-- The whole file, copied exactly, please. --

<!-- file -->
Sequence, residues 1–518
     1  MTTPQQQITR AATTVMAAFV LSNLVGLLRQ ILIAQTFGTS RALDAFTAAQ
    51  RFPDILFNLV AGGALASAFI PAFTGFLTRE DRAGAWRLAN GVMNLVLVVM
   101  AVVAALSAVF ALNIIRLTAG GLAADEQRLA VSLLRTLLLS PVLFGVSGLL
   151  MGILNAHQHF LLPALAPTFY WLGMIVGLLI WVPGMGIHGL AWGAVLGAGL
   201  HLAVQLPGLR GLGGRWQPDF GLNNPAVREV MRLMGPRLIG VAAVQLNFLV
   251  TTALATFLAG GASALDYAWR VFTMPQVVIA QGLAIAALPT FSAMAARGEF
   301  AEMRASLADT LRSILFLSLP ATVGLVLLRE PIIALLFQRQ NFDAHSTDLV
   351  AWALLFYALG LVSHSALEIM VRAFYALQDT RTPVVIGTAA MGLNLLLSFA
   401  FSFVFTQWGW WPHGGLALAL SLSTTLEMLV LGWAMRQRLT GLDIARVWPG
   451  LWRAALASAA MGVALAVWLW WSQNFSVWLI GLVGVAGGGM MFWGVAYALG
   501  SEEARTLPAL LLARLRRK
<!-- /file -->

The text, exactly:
Sequence, residues 1–518
     1  MTTPQQQITR AATTVMAAFV LSNLVGLLRQ ILIAQTFGTS RALDAFTAAQ
    51  RFPDILFNLV AGGALASAFI PAFTGFLTRE DRAGAWRLAN GVMNLVLVVM
   101  AVVAALSAVF ALNIIRLTAG GLAADEQRLA VSLLRTLLLS PVLFGVSGLL
   151  MGILNAHQHF LLPALAPTFY WLGMIVGLLI WVPGMGIHGL AWGAVLGAGL
   201  HLAVQLPGLR GLGGRWQPDF GLNNPAVREV MRLMGPRLIG VAAVQLNFLV
   251  TTALATFLAG GASALDYAWR VFTMPQVVIA QGLAIAALPT FSAMAARGEF
   301  AEMRASLADT LRSILFLSLP ATVGLVLLRE PIIALLFQRQ NFDAHSTDLV
   351  AWALLFYALG LVSHSALEIM VRAFYALQDT RTPVVIGTAA MGLNLLLSFA
   401  FSFVFTQWGW WPHGGLALAL SLSTTLEMLV LGWAMRQRLT GLDIARVWPG
   451  LWRAALASAA MGVALAVWLW WSQNFSVWLI GLVGVAGGGM MFWGVAYALG
   501  SEEARTLPAL LLARLRRK